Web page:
Sunday May 12, 2013, 9:00 am - 5:00 pm, Washington, DC
There has been a tremendous increase in the use of nanomaterials (NMs) to improve the existing energy systems including conventional and renewable energy sources. It is important to know the possibilities as well as limitations of the use of nano materials in providing solutions for energy issues that face current and future generations. The NSTI conference is a good venue for providing a full-day tutorial to the attendees coming from different backgrounds and disciplines. This course is a must for all beginners as well as experts interested in rapidly growing applications of nano materials for energy.
This introductory course provides details of a variety of nanomaterials used for energy production, storage, transmission and conservation. Synthesis, characterization, application and toxicity of nanomaterials used for energy sources such as solar cells, fuel cells, supercapacitors and batteries will be the main focus of this course. Examples of carbon nanostructures (fullerenes, carbon nanotubes and graphene) and metal oxides (ZnO and TiO2) will be provided. Life cycle assessment of these NMs as well as the Environmental, health and safety considerations will be discussed.
Prof. Sivaram Arepalli joined the department of Energy Science at Sungkyunkwan University (SKKU) in Suwon, Korea in March 2009 under the World Class University project. Prior to that, he was the Chief Scientist of the Applied Nanotechnology Program at NASA-Johnson Space Center where he worked for 21 years. His current interests include synthesis and processing of nanomaterials for energy applications such as fuel cells, solar cells, batteries and supercapacitors. His group also works on nanocomposites for aerospace structures, environmental sensors and bio-implants.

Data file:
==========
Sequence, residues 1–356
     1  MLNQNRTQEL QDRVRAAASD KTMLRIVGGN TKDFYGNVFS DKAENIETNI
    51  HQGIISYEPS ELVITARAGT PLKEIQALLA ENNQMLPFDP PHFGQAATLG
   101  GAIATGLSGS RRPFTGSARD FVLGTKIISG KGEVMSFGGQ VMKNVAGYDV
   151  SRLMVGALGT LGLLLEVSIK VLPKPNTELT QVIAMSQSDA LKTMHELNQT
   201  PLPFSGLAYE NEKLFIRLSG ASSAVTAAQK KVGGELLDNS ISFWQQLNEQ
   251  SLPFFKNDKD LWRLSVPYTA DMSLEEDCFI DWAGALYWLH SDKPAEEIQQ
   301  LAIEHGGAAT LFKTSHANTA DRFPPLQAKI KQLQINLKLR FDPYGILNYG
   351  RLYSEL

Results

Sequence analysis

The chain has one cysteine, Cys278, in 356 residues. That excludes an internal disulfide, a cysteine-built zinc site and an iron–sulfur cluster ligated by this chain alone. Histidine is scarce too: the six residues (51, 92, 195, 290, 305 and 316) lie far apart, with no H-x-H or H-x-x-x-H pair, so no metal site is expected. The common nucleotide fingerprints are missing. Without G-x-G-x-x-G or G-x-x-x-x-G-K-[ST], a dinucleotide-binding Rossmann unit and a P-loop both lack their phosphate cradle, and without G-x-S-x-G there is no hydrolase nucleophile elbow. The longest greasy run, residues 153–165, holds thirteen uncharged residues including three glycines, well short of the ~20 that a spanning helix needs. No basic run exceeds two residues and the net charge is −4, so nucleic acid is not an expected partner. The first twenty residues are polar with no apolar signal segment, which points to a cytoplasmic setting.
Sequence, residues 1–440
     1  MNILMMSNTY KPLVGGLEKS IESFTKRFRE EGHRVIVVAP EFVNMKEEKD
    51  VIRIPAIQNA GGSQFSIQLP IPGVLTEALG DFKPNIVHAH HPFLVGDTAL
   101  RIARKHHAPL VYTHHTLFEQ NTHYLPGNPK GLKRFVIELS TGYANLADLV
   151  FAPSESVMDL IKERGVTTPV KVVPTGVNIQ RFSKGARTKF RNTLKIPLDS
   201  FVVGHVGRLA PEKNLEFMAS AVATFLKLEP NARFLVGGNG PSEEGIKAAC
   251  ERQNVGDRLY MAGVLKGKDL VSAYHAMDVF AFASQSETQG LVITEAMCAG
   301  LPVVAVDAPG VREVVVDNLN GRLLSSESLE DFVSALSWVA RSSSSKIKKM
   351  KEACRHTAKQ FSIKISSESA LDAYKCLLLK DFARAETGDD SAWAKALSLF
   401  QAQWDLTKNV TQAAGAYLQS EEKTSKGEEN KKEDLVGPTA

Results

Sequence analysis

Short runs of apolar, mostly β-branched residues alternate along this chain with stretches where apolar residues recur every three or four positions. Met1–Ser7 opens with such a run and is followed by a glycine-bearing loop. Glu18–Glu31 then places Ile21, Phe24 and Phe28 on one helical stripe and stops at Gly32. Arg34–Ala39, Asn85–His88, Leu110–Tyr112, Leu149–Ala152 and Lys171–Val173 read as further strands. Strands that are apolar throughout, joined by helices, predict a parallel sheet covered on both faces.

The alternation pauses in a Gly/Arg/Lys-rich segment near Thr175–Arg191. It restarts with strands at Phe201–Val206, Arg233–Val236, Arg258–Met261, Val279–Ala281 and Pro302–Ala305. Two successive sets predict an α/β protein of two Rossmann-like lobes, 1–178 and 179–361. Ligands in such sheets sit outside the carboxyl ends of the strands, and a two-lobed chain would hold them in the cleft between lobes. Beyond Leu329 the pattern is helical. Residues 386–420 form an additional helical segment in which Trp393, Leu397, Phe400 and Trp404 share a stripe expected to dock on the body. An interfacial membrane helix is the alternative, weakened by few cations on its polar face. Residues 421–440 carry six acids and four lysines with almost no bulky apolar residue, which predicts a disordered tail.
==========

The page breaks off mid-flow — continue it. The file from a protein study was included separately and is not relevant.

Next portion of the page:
Prof. Arepalli received his Ph.D. in Physics from the Indian Institute of Technology (IIT) Kanpur in 1979. He finished postdoctoral work at the University of Pennsylvania, Cornell and the University of Illinois at Chicago prior to joining Lockheed Martin at Houston in 1987. He developed the laser laboratory to support aerothermal fluid flow analysis for thermal protection material development at NASA-JSC. In 1997, he initiated the carbon nanotube project at NASA by starting nanotube production using a double pulse laser oven process. His activities were focused on nanomaterials, including the production, processing, and application of carbon nanotubes for aerospace requirements. He was responsible for improving understanding of the nanotube growth mechanisms. He helped ANSI and ISO to establish standards for nanomaterials and carbon nanotubes.
Prof. Arepalli is an Associate Fellow of AIAA and a Senior Member of APS. He was nominated in 1999 for the “Rotary Stellar Award for Space” for his contributions to the development of “Glow-gas” for leak detection in MIR space station. He was the recipient of the “Chairman's Award for 1998” from G. B. Tech., Inc. and “President’s Award for 2005”, from Jacobs Technology for his support of NASA-JSC. In 2007, he received “Rotary National Space Achievement Award” for the accomplishments of the Carbon Nanotube Team. He received the “Nanocarbon 2008 Award” from the Carbon Society of Japan in 2008 for his contributions in the advancement of carbon nanotubes. Sivaram has more than 90 publications and 40 invited talks related to nanotechnology. He conducted several Nanotechnology based workshops and conferences. In 2009, he organized the first International Green Energy Nanocarbon Conference. He currently serves as an associate editor for the “Journal of Nanoscience and Nanotechnology” (JNN) and as editor-in-chief for the “Journal of Nano Energy and Power Research” (JNEPR).
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